A rights group has called on the French government to end police abuse of asylum seekers and migrants residing in the port city of Calais.
Human Rights Watch (HRW) said in a statement posted on its website on Tuesday that migrants in Calais have reported cases of police abuse including beatings and attacks with pepper spray.
The rights group interviewed over 40 asylum seekers and migrants in Calais, in which they said police routinely abused them when they walked in the town.
The findings showed 19 migrants, including two children, said police had abused them at least once, with eight having visible broken limbs or other injuries. In addition, 21 migrants, including two children, said police had attacked them with pepper spray.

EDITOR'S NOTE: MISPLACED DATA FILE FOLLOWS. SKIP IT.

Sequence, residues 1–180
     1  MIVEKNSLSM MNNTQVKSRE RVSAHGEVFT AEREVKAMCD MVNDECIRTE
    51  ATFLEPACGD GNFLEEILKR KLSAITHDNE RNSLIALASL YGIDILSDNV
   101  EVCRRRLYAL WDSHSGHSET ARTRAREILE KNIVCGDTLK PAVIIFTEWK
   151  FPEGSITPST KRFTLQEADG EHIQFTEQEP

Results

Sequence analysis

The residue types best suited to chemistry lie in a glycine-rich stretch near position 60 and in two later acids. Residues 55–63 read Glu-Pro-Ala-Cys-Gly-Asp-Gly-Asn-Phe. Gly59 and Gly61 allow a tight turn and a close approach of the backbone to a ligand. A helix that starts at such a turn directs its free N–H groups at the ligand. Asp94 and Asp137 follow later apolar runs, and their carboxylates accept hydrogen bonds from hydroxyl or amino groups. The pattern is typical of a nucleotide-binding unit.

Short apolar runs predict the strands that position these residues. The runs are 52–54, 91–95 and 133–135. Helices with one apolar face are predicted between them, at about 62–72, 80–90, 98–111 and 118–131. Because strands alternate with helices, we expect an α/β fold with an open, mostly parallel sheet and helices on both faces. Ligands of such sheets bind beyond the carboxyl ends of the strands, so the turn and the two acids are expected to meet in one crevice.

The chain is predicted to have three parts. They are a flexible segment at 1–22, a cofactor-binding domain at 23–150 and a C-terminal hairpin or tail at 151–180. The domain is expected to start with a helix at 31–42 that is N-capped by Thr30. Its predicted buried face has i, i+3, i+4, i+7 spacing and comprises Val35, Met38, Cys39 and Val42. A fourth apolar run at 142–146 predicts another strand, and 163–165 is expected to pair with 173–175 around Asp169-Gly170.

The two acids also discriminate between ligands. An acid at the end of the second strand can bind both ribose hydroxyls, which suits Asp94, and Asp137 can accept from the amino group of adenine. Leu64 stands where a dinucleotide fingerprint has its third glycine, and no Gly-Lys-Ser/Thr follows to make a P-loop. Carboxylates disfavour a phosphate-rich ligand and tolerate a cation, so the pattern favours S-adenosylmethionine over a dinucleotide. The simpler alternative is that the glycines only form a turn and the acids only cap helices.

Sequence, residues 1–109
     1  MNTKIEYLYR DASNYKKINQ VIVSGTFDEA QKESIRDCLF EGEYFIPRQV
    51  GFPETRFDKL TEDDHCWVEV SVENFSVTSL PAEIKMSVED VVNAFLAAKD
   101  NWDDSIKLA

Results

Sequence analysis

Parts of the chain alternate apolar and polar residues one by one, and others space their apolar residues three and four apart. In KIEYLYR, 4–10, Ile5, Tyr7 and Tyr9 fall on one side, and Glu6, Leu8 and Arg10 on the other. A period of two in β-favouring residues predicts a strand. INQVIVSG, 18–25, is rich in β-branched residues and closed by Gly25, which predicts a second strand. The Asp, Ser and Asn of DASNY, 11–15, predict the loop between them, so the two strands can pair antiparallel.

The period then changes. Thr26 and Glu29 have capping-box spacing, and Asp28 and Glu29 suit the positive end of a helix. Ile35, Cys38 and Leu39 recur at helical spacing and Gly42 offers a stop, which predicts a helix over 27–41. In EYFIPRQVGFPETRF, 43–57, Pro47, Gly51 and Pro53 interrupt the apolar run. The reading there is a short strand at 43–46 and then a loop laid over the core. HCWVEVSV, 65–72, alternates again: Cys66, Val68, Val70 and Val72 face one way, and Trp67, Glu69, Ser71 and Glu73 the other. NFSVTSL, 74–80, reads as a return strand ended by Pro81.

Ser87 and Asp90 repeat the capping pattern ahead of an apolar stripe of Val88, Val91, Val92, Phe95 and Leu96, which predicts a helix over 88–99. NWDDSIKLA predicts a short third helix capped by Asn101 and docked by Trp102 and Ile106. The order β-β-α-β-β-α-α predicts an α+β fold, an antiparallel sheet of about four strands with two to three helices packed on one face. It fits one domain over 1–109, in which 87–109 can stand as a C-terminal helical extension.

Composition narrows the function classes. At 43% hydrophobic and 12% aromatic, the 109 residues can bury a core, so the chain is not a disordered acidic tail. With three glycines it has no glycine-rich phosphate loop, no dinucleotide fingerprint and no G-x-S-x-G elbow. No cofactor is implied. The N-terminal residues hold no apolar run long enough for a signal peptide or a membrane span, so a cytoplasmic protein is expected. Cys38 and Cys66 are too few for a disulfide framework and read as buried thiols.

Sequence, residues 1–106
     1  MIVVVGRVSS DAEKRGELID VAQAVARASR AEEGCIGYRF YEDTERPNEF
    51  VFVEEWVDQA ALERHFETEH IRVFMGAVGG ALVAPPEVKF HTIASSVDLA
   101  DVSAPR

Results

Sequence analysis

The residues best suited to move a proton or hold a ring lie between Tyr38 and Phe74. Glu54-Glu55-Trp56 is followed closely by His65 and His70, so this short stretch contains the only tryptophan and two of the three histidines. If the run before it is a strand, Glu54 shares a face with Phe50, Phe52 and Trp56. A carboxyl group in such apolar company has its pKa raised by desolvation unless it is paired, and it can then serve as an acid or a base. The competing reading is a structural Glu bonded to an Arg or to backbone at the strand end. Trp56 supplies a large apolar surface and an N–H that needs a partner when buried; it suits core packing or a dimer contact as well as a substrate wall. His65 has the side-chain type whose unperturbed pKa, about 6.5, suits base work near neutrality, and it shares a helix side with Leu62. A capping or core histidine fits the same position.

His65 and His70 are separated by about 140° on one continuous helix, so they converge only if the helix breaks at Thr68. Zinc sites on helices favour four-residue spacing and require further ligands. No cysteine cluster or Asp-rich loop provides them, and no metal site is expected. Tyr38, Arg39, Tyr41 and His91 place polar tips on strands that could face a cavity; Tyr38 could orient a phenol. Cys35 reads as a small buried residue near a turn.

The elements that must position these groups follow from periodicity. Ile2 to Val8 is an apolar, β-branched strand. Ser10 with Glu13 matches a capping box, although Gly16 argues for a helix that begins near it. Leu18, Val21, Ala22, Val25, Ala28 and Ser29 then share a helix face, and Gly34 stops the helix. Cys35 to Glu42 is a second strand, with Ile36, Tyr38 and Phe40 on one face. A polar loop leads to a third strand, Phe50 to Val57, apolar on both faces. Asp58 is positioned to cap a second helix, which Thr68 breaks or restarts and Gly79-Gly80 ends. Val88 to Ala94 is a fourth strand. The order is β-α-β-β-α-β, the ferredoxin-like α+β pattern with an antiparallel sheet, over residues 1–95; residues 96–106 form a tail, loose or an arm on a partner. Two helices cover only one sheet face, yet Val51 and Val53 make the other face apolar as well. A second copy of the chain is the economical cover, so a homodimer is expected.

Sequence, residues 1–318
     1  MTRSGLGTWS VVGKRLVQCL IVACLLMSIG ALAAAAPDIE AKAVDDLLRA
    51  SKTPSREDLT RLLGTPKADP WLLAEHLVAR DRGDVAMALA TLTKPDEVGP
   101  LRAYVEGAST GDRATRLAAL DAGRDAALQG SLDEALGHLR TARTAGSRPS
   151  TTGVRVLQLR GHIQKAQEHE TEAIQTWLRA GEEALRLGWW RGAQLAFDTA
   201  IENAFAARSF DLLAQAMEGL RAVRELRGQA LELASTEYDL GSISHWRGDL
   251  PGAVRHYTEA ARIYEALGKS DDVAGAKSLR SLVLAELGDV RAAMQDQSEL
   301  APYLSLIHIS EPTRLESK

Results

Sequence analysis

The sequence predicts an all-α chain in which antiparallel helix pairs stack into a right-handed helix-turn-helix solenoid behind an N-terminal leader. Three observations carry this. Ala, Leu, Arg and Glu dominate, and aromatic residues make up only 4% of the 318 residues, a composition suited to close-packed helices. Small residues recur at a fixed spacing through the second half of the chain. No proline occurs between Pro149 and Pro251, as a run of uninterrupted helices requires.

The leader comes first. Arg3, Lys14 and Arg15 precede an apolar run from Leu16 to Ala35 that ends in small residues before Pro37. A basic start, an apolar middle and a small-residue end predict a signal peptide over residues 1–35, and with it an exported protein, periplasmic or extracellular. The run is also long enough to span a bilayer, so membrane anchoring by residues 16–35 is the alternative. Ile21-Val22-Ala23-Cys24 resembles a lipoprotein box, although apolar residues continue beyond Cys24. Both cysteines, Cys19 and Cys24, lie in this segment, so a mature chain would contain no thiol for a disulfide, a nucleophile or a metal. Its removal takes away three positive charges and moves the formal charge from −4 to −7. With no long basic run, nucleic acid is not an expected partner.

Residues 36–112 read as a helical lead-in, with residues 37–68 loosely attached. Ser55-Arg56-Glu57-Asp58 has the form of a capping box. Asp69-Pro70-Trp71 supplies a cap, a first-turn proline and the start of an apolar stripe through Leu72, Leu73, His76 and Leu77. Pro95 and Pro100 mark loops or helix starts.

“Asylum seekers and migrants shouldn’t have to face police violence in France, and no one who applies for asylum should be left to live in the street,” said Izza Leghtas, Western Europe researcher at HRW.
According to the migrants’ testimonies, abuse by police, a lack of housing for asylum seekers and delays in the country’s asylum system had discouraged them from seeking asylum in France.
Leghtas called on the French government to take measures to stop any police abuse and honor its obligation to provide housing to asylum seekers, adding, “a lasting solution to the crisis in Calais is long overdue.”
The rights group said France faces an accommodation crisis for asylum seekers, as currently just a third of all migrants across France are provided accommodation in asylum reception centers.
French Interior Minister Bernard Cazneuve rejected HRW’s allegations, saying he fully supported the police in their mission, which he described as “difficult.”
More than 2,300 refugees, mostly from Syria, Sudan and Eritrea, reportedly live in the outskirts of Calais in either makeshift camps or in the city’s streets.